Hillary Clinton appears to have positioned herself as the winning candidate on health care issues in both the primary and general election after she announced support of a “public option,” according to a new Morning Consult poll.

Clinton recently updated her campaign’s health proposals, saying she wants to create the state equivalent of a public option for health insurers. She said she would work with interested governors to create a “public option” in their state, essentially a state-run health insurance program. The state health programs would presumably coexist with the private insurance market.

The public likes that idea. Almost half of registered voters (44 percent) said they would prefer a health care system in which Americans can choose to get health coverage through a private plan or one offered by the government.

Only 21 percent of voters said they prefer a system of mostly private-sector health coverage, which is essentially what we have now.  

When it comes to Bernie Sanders’ dream of single-payer coverage, only 25 percent of voters said they prefer a system where all Americans get their health coverage through the federal government.

The idea that Clinton is touting — basically a hybrid of public and private health insurance systems — polls best among almost all demographic and voter groups. It is the system most widely supported by Democrats (44 percent), independents (47 percent) and, interestingly enough, Republicans (41 percent).

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Clinton added a public option to her health platform earlier this month. Until then, it seemed that Democrats’ choices were limited to Clinton, a candidate who supported the existing system of private insurance, and Sanders, who supports the single-payer Medicare-for-all system. That set Clinton up to be the loser on health care in a primary election. A single-payer system is favored by a large portion of the party’s liberal base, even with the passage of Obamacare.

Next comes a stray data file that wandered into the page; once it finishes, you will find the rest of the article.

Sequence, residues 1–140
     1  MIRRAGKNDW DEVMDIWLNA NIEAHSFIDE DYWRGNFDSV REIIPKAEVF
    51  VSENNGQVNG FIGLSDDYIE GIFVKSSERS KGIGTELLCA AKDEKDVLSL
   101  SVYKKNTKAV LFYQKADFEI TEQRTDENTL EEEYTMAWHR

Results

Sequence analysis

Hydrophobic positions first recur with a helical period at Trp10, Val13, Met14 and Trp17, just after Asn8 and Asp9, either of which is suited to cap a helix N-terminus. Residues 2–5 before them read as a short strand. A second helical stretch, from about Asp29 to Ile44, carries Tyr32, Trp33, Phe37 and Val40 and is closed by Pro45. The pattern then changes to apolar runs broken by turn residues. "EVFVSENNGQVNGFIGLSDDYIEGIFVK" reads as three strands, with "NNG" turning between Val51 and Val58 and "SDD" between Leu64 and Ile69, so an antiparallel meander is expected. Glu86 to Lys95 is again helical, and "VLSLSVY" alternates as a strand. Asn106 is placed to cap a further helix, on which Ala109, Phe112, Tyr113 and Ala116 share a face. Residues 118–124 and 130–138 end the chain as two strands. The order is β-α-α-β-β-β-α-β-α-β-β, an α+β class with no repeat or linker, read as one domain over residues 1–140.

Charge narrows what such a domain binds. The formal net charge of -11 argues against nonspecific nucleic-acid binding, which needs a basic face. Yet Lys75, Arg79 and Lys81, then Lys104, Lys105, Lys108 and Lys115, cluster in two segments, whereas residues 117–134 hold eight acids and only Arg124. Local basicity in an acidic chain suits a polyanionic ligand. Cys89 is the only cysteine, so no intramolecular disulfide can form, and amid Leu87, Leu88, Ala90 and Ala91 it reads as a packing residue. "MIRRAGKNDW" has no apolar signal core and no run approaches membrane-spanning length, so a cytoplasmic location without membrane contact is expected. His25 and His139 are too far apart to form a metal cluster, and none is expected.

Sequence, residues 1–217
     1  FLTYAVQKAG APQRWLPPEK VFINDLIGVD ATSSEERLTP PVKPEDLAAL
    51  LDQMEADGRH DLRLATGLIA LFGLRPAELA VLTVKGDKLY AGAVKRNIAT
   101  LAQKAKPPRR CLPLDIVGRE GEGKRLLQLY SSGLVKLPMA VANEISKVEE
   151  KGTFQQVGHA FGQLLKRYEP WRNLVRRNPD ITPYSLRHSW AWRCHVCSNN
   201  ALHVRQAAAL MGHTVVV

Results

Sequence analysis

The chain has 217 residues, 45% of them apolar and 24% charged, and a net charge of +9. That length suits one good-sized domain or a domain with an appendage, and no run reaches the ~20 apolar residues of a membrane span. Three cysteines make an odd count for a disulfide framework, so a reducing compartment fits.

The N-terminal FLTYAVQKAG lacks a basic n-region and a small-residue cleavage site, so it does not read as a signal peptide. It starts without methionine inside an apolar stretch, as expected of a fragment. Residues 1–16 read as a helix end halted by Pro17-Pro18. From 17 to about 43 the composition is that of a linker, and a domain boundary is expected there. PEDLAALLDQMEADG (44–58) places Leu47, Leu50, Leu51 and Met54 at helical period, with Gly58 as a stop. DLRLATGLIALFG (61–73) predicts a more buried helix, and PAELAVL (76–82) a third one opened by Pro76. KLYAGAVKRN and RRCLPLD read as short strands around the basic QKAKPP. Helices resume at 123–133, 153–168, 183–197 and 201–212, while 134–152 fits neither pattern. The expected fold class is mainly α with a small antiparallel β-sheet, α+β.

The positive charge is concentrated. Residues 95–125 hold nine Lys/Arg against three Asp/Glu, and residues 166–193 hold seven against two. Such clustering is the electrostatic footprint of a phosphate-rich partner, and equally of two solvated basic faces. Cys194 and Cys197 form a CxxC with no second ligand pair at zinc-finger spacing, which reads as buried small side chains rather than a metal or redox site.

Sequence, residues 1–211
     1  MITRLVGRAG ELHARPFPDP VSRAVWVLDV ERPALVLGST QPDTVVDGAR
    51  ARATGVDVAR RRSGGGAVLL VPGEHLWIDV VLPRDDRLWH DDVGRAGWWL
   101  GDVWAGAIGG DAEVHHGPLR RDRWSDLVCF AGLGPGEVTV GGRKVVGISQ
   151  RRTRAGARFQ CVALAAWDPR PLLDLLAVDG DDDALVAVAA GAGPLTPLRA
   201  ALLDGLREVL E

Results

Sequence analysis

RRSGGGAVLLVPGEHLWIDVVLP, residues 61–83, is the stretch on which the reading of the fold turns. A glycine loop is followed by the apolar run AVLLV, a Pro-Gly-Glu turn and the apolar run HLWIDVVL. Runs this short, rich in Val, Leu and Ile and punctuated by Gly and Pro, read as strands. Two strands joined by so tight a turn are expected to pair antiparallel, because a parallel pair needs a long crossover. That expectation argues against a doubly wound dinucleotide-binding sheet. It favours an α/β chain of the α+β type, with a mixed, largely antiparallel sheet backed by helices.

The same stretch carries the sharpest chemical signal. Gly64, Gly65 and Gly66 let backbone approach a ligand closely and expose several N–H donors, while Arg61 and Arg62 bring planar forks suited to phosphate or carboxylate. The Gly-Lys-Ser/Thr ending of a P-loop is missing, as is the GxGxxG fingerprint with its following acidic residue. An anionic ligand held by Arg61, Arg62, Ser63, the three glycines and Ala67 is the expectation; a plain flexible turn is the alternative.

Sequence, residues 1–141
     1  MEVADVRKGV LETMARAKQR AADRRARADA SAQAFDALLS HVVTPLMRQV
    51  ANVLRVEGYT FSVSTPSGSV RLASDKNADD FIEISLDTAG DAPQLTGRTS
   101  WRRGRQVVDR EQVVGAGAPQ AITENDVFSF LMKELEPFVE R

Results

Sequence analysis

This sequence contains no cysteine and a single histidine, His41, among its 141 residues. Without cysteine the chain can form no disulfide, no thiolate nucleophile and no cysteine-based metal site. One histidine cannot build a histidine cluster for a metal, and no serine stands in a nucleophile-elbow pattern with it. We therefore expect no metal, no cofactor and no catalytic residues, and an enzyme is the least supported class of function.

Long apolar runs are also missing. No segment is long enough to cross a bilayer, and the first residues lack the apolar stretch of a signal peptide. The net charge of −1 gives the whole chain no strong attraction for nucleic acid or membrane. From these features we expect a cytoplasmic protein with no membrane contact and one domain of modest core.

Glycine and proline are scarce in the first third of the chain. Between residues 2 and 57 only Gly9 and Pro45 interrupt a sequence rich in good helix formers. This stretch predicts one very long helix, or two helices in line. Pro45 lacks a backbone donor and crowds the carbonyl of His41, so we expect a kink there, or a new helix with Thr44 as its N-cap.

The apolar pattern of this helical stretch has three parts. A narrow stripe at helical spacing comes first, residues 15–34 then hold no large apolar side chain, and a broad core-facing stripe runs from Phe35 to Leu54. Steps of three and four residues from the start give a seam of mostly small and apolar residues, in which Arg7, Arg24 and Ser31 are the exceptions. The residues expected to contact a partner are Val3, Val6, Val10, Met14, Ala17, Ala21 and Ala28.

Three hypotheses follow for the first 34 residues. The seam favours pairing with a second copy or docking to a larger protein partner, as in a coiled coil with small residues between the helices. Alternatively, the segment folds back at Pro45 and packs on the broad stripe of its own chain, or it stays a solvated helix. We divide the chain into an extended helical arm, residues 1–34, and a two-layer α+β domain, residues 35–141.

From a pure policy perspective, it hardly matters. A public option is a political nonstarter in Congress. It almost sunk the Affordable Care Act. The idea drove Republicans away from the negotiating table in 2009, and it almost lost key Democratic support until it was stripped from the ACA. It was replaced with nonprofit co-op insurers designed to help control prices on insurance exchanges. But more than half of the co-ops have failed, raising questions of their effectiveness and sustainability.

Republicans argue that a public option would undercut private insurers and eventually lead to a single-payer system. Supporters of the policy say that it would provide a form of accountability to private insurers by providing competition based on fair pricing.

It’s worth noting that Sanders’ proposed Medicare-for-all system isn’t politically viable either. While a public option could be folded into the existing health care system structure under Obamacare, a single-payer system would completely upend the healthcare industry and cause major disruption. Even Democrats in Congress are wary of approaching the idea.

Other Morning Consult polling finds that when asked to choose between either a private insurance system or a system where most Americans got coverage through the federal government, 45 percent of voters choose the private system and 37 percent choose the public system. This data comes from Morning Consult’s Policy Index, an ongoing poll of voters’ opinions about economic, technology, health, and environmental issues.

Democrats generally are more amenable to government-run health care. More than half of them (54 percent) favor a government-run or single-payer system, while 29 percent favor private insurance. This suggests that Sanders is more closely identified with the views of the party’s base.

Democrats’ disenchantment with private insurance is explained by another question from Morning Consult’s Policy Index. When asked who or what is most responsible for the considerable rise in health care costs over the past decade, the most selected choice among Democrats (34 percent) is insurance companies. (Respondents are offered a variety of choices, including the federal government, sick people and uninsured people.) Another 19 percent of Democrats lay the blame for high health care costs at the feet of pharmaceutical companies.

Morning Consult’s poll about a possible public option was conducted Feb. 26 and Feb. 27 among 2,002 registered voters. The margin of error was plus or minus 2 percent.

The Morning Consult Policy Index data, which does not specifically ask about a public option, was conducted from Oct. 22 to Feb. 16, and includes 13,838 registered voters.

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